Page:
Email list hosting service & mailing list manager

Re: Proposal to add HTML class attributes to SRFIs to aid machine-parsing Marc Nieper-Wißkirchen (06 Mar 2019 10:12 UTC)
Re: Proposal to add HTML class attributes to SRFIs to aid machine-parsing Ciprian Dorin Craciun (07 Mar 2019 22:36 UTC)

Re: Proposal to add HTML class attributes to SRFIs to aid machine-parsing Ciprian Dorin Craciun 07 Mar 2019 22:35 UTC

On Fri, Mar 8, 2019 at 12:18 AM Lassi Kortela <> wrote:
> I'm afraid I still don't quite understand what is meant by reliable and
> comprehensive argument signatures.

A "reliable" and "comprehensive" signature is one that permits static
analysis of the code, similar to how Erlang's `dyalizer` does:

I really advise you to read a little through that document and you'll
get an idea of what I'm talking about.  (I know it isn't yet
achievable, but I think we should have a higher goal than just basic
argument information.)

> What would be a reliable source of this information?

A document specifically written to catch all the "intricacies" of the
signature, from allowed inputs to returned outputs.  (And I don't mean
just argument types, but a little bit more than this.  See below...)

> With more comprehensive signatures, do you mean things like this:
>      (make-vector
>       (type constructor)
>       (export scheme:base)
>       (signature
>        ((range-length-zero) -> vector-empty)
>        ((range-length-zero any) -> vector-empty)
>        ((range-length-not-zero) -> vector-not-empty)
>        ((range-length-not-zero any) -> vector-not-empty))
>       ...)
> Those seem like type constraints of some kind. Where do they come from?

They came from "nowhere", I just created them starting from my
previous experience with Erlang.

And here you can see what I mean about "more" than just types.  For
example if I give the `make-vector` an zero argument I always get an
empty vector.  (And if you look through my R7RS signatures you'll see
more examples like this, especially with regard to procedures that
handle numbers.)

> * You could copy from the text of the SRFI document and then verify by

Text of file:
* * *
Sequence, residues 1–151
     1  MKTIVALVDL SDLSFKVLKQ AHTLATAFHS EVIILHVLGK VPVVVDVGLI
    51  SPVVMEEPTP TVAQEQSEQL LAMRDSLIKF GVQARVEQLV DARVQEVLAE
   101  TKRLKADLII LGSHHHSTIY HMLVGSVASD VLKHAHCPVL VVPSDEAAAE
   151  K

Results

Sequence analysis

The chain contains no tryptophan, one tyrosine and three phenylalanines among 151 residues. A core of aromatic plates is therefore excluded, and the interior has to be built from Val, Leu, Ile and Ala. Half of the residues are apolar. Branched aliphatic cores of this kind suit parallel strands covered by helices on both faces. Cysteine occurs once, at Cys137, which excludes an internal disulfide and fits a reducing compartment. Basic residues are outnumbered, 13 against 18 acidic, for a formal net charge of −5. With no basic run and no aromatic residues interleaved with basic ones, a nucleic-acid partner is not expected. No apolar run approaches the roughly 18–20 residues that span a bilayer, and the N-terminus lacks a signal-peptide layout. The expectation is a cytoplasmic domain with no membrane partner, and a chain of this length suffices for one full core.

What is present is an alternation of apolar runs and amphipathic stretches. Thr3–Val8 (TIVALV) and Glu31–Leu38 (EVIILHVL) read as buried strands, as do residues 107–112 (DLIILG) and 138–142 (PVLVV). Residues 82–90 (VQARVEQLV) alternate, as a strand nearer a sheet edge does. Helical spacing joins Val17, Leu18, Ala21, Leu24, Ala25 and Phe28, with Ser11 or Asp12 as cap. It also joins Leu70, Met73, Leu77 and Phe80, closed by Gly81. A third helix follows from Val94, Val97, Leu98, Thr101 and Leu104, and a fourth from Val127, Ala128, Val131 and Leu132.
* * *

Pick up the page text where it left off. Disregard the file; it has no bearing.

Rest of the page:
> hand. The auto-extractor already does basically this same thing -- it's
> just as easy (if not easier) to hand-verify auto-extracted definitions
> as it is to verify hand-copied ones. And if we're really unlucky, the
> signature in the SRFI might have a misprint so the possibility of error
> is still non-zero.

I agree with your statement above.  However no tool would be able to
extract the kind of signatures that you've seen above.

> * You could run a Scheme implementation that implements the SRFI in
> question, then use the introspection facilities in that Scheme to get
> the information.

That is not enough, as any implementation has some "corner-cases" or
special extensions that are not described in SRFI.

(BTW, do you know of such a introspection tool?)

> I'm still not sure that the information would be
> reliable and comprehensive for our purposes -- there are often small
> implementation-specific variations in e.g. the exact data type used to
> implement something. And if we're unlucky, the SRFI implementation might
> be partial or divergent from the source document.


> You would still have
> to verify by hand.

Exactly.  That is why I say that just creating by hand this
"signature" document is far easier than creating the complex markup,
and then verifying and augmenting the resulting S-expressions.

> The reason I'd really like to do that, apart from the simplicity of the
> tooling (just feed the static HTML files to a simple script), is that
> the tool would check that HTML and S-expression metadata stay in sync.
> So if we discover some error or omission in the S-expressions, we are
> "forced" to go back to the HTML and fix the situation at its source.
> Unfortunately my experience is that human-updated things that are not
> checked by computer simply do not stay in sync for any length of time :/

I am very skeptical about this...